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That they don’t want to deal with people; they would like to do business with them” (Dos Passos 21). However , he shortly learns regarding America, specifically what it means to be poor in the usa. He explains to Emile and Marco, “It’s the same around the globe, the police defeating us up, rich people cheating all of us out of their starvation pay, and having fault? inch (Dos Passos 37). Of all the book’s personas, it seems like Congo gets the least drive and desire, and yet he is one of few that gain the most inside the novel, strictly by his own diligence and determination.
He seems to become more embittered about staying poor while the publication progresses, actually he says this individual wants to become an American citizen but will do not fight in the war because it is just a method to stop revolution of the working man around the world (Dos Passos 227). However , Congo really does come to understand capitalism in the us. He turns into a very good bootlegger during Prohibition, a millionaire the truth is. He succeeds while so many others in the novel fail, and this is part of his education regarding America. From the foreign country, he has the capacity to look at America with unclouded eyes, and he can find what functions for people and what does not. He genuinely becomes reborn in America, signing up for the brand Armand Duval, and that is as a result of his achievement. Jimmy amounts up Congo’s success when he says, “The difference between you and me is that you’re growing the cultural scale, Armand, and I am going down'” (Dos Passos 383). This is true, in fact it is a theme from the novel, as well. Congo’s accomplishment has made him a great man, who has not really forgotten his roots or perhaps his good friends. That can not be said for all the characters through this dark book, so Congo, one of the least promising heroes early on, provides learned his lessons regarding America well, and provides put them to very great use.
five. One personality says, “I ain’t a Jew forget about. This isn’t Russian federation. ” How can this statement illustrate the speaker’s thought of America?
The speaker’s concept of America is yet another underlying subject of the novel. Frequently , there is racism expressed by white individuals who sounds incredibly similar to transactions made today about immigrants. Dos Passos writes, “City’s overrun with kikes and low Irish, that is what’s the situation with that… In ten years a Christian won’t be capable of make a living… I tell you the Catholics plus the Jews are likely to run us out of the own country, that’s what they are going to do” (Dos Passos 101). The speaker says that his idea of America is what many immigrants believe when they come to this region – they are no longer a race, faith, or nationality, they are just part of the shedding pot that is America. Yet , as the racist overtones of the novel indicate, this may not be the case by any means. There is prejudice in America, and Dos Passos refers to that again and again through the entire novel, coming from persecution of Irish, and simply about any kind of immigrant the town center, to a character’s statement early in the novel. She says, “I couldn’t let him know we occupied the Bronx, could I? He’d have believed we were Jews and more than likely have leased us the apartment'” (Dos Passos 42). There is pressure between the contests, which indicates there is misunderstanding and distrust together, as well.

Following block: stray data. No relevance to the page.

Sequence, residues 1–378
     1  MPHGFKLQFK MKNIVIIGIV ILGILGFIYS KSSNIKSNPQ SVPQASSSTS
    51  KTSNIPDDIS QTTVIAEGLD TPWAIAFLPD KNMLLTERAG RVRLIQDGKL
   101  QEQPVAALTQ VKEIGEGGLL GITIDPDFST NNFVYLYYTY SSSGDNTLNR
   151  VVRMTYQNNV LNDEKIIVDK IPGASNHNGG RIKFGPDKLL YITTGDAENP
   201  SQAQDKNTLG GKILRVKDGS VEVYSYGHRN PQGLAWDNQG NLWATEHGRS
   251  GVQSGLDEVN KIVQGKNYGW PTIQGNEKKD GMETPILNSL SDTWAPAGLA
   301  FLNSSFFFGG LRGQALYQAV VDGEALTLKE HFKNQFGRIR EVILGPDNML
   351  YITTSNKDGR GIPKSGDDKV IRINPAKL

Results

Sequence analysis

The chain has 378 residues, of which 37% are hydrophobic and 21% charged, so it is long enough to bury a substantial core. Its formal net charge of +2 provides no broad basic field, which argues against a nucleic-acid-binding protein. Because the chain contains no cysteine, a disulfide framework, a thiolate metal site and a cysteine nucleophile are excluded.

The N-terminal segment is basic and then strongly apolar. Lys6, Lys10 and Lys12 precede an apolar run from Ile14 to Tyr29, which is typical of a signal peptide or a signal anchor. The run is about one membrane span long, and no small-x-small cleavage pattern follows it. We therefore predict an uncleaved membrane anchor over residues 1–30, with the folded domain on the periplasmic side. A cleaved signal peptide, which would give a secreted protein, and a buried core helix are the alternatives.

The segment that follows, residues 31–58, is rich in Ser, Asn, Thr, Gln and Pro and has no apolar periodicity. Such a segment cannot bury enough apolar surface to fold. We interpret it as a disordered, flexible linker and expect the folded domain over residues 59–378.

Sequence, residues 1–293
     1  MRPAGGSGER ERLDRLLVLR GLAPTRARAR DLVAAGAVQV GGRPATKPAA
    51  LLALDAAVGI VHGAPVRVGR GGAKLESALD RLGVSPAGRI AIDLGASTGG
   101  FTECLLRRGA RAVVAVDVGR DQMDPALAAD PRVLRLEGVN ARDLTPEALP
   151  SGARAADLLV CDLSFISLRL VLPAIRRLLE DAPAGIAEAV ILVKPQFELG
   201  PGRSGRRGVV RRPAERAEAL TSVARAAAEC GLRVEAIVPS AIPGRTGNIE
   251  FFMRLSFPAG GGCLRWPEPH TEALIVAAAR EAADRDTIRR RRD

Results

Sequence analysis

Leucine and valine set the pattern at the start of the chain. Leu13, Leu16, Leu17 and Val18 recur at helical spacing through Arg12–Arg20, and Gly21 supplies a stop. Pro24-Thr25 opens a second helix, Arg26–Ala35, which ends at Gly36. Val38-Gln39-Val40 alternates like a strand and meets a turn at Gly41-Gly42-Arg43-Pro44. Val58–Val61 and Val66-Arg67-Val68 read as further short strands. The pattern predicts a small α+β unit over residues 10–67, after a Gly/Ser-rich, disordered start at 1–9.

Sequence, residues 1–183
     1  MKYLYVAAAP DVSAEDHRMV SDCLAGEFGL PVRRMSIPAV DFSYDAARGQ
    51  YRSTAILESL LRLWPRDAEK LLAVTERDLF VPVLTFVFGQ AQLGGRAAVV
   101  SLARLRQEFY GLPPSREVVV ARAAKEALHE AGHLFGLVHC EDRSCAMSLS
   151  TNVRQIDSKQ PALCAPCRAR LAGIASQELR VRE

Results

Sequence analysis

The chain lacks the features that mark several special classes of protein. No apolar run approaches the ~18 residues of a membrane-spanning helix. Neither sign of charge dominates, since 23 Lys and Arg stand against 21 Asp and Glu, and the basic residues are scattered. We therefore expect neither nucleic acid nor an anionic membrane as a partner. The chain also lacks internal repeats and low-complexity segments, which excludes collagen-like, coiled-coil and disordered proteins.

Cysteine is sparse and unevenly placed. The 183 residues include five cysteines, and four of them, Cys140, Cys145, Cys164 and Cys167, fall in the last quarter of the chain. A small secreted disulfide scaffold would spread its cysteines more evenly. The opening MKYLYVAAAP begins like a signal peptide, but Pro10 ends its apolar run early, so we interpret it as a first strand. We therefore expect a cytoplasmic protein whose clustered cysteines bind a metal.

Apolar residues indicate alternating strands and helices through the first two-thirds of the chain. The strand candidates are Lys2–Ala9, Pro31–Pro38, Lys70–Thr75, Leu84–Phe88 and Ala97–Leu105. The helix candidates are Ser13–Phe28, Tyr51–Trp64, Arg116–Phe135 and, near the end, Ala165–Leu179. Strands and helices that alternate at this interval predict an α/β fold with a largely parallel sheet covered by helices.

While the character thinks he is will no longer Jewish if he comes to America, it fact, he may locate he turns into more Legislation as he works out the roadways and businesses of New You are able to, because he will certainly face persecution and racism. Immigrants such as this person came to this country hoping for new options, and many, just like Congo, found them and capitalized about them. However , many more faced the uncertain futures of many with the characters with the novel – even Jimmy. They emerged here with dreams and ambition, and are beaten down by racism and low income. Emile, the cabinboy who have convinces Congo to come to America is a perfect case. He is the one with desire, and yet, this individual ends up serving Congo because his “cook, ” a twist which is not entirely unforeseen in this exceptional